Adherence Behavior is Complex, Making it difficult to evaluate and influence. 

Medication adherence is defined as "the degree to which the person’s behavior corresponds with the agreed recommendations from a health care provider", and is considered to have three components, commonly referred to as fulfillment, persistence and compliance. 


Fulfillment 

Refers to the treatment prescription being filled by the patient.

Persistence 

Refers to the treatment being taken for the intended duration.

Compliance 

Refers to the intended treatment regimen, including intended timing and dosage.6

The complexity of patients’ behavior regarding their medication makes real adherence levels and impact difficult to quantify. Proxies developed to assess adherence in real-world studies include the mean Medication Possession Ratio (MPR) and the Proportion of Days Covered (PDC).


Medication Possession Ratio

is commonly defined as “the proportion (or percentage) of days’ supply obtained during a specified time period or over a period of refill intervals” and can be calculated using various methods.

Proportion of Days Covered

allows us to go further as it refers to the number of days when the drug was properly taken divided by the number of days in the study period.


Adherence in the case of any individual patient via either of these measures is generally defined as a ratio of at least 80%.9 

Adherence is complex; maintaining high adherence levels requires that patients continuously make choices and adjust their behavior to overcome the various challenges to taking their treatment. 

REFERENCES
1. Cutler, Rachelle Louise et al. “Economic impact of medication non-adherence by disease groups: a systematic review.” BMJ open vol. 8,1 e016982. 21 Jan. 2018, doi:10.1136/bmjopen-2017-016982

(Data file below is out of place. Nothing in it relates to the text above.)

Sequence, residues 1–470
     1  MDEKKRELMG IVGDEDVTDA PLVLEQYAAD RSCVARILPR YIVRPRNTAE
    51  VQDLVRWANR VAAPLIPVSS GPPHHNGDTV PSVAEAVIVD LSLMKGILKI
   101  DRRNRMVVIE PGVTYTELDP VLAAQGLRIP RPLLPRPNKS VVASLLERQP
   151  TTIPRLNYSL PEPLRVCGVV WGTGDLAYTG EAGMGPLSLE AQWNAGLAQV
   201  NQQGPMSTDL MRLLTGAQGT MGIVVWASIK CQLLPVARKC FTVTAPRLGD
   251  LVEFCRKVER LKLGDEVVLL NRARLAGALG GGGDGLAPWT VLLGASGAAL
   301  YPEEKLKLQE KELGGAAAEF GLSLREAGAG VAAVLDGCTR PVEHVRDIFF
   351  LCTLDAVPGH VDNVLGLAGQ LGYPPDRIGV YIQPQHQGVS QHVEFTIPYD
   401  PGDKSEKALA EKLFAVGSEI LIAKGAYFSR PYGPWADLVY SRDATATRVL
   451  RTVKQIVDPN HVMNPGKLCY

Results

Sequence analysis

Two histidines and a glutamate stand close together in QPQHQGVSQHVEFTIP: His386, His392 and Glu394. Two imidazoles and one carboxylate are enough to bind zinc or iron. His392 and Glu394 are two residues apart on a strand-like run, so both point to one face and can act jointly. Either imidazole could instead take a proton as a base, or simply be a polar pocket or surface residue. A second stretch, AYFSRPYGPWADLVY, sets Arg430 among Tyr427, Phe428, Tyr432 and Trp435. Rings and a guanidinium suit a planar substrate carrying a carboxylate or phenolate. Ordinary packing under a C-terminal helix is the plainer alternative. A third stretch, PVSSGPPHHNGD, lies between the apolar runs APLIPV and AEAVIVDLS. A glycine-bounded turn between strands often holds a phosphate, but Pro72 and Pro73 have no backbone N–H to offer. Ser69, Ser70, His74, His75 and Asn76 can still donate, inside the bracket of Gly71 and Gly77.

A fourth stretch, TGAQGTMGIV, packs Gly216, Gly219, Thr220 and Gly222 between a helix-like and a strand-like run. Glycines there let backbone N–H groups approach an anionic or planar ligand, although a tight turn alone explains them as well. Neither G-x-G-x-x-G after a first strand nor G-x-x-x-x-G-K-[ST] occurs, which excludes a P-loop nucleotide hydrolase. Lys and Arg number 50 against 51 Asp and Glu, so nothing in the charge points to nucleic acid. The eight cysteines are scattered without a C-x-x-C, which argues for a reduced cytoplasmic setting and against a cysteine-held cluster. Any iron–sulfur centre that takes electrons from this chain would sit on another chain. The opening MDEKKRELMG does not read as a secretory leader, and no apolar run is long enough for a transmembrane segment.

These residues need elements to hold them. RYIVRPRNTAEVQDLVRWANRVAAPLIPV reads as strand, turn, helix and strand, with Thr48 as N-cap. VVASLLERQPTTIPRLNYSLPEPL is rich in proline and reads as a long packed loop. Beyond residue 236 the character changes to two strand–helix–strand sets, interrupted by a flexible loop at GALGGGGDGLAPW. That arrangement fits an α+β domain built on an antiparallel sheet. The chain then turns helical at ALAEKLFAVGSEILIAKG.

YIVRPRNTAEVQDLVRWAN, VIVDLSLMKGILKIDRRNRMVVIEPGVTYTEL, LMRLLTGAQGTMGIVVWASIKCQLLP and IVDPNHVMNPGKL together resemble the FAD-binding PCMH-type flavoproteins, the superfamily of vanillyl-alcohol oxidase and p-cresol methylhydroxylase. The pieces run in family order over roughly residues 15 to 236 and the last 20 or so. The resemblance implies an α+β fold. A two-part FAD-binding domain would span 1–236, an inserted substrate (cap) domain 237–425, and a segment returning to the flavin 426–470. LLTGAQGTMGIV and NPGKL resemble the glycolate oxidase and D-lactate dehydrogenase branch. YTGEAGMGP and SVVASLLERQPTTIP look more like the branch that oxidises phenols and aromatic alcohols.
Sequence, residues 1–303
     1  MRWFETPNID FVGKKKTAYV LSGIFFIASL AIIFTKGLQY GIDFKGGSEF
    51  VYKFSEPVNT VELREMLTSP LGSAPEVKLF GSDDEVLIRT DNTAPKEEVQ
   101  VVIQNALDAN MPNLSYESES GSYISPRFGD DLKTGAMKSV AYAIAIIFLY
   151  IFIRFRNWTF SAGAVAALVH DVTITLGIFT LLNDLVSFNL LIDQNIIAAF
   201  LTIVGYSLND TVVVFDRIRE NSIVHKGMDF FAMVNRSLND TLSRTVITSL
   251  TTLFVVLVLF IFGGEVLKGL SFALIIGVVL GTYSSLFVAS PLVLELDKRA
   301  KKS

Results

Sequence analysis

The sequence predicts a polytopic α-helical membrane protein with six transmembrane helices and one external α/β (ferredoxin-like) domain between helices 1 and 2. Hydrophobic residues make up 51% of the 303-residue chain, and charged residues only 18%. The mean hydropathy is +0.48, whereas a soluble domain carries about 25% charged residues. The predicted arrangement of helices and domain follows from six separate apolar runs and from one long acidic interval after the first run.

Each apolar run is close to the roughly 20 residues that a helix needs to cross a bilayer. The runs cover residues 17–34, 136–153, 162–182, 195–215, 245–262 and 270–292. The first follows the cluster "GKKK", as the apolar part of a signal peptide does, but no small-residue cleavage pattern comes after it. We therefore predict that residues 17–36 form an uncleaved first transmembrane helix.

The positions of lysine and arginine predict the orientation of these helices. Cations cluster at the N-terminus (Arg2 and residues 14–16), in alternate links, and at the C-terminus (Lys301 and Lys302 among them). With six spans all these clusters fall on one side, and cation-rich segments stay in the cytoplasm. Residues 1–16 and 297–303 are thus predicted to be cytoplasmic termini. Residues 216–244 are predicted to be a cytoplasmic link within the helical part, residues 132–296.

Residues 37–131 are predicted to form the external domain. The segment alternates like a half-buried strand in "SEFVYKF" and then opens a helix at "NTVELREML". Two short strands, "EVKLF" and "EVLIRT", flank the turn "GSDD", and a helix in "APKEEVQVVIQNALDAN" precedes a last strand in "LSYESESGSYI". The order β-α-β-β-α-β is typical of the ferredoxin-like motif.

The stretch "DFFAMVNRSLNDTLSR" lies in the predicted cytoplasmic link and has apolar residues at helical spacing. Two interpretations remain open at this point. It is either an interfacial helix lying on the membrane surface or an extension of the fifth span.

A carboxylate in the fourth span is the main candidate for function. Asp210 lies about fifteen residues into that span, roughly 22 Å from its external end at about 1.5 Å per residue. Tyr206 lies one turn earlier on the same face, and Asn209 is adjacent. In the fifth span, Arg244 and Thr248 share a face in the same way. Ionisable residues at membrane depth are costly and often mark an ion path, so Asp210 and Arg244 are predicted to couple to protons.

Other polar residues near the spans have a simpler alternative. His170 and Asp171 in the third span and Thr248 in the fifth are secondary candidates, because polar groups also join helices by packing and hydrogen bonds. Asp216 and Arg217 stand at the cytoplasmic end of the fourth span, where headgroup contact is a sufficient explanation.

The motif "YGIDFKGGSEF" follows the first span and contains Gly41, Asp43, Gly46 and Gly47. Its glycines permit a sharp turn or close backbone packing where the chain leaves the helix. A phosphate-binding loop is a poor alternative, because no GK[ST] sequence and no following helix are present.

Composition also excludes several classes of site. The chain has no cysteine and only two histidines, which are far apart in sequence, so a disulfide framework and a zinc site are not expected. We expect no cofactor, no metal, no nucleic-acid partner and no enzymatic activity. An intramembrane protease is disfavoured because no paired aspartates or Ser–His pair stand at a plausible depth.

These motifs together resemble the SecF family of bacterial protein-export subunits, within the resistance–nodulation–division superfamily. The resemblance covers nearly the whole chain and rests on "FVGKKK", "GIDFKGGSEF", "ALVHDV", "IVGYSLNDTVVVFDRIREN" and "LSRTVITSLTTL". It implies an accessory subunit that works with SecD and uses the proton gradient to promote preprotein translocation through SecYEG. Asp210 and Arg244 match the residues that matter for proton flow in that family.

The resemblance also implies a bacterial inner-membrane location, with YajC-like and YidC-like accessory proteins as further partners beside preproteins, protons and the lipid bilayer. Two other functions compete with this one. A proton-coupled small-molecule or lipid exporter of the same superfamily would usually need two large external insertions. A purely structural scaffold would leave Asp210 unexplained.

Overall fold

2. “Cardiovascular Diseases (CVDs).” World Health Organization, World Health Organization, 17 May 2017, www.who.int/en/news-room/fact-sheets/detail/cardiovascular-diseases-(cvds).
3. Global Health and Aging. World Health Organization, 2011, p. 4, Global Health and Aging. https://www.who.int/ageing/publications/global_health.pdf
4. Forissier, Thomas, and Katrina Firlik. Estimated Annual Pharmaceutical Revenue Loss Due to Medication Non-Adherence. Capgemini Group, 2012, p. 7, Estimated Annual Pharmaceutical Revenue Loss Due to Medication Non-Adherence. https://www.capgemini.com/wp-content/uploads/2017/07/Estimated_Annual_Pharmaceutical_Revenue_Loss_Due_to_Medication_Non-Adherence.pdf
5. Brown, Marie T, and Jennifer K Bussell. “Medication adherence: WHO cares?.” Mayo Clinic proceedings vol. 86,4 (2011): 304-14. doi:10.4065/mcp.2010.0575
6. Hamine, Saee et al. “Impact of mHealth chronic disease management on treatment adherence and patient outcomes: a systematic review.” Journal of medical Internet research vol. 17,2 e52. 24 Feb. 2015, doi:10.2196/jmir.3951
7. Kronish, Ian M, and Siqin Ye. “Adherence to cardiovascular medications: lessons learned and future directions.” Progress in cardiovascular diseases vol. 55,6 (2013): 590-600. doi:10.1016/j.pcad.2013.02.001
8. Jimmy, Beena, and Jimmy Jose. “Patient medication adherence: measures in daily practice.” Oman medical journal vol. 26,3 (2011): 155-9. doi:10.5001/omj.2011.38
9. Anghel, Laura Alexandra et al. “An overview of the common methods used to measure treatment adherence.” Medicine and pharmacy reports vol. 92,2 (2019): 117-122. doi:10.15386/mpr-1201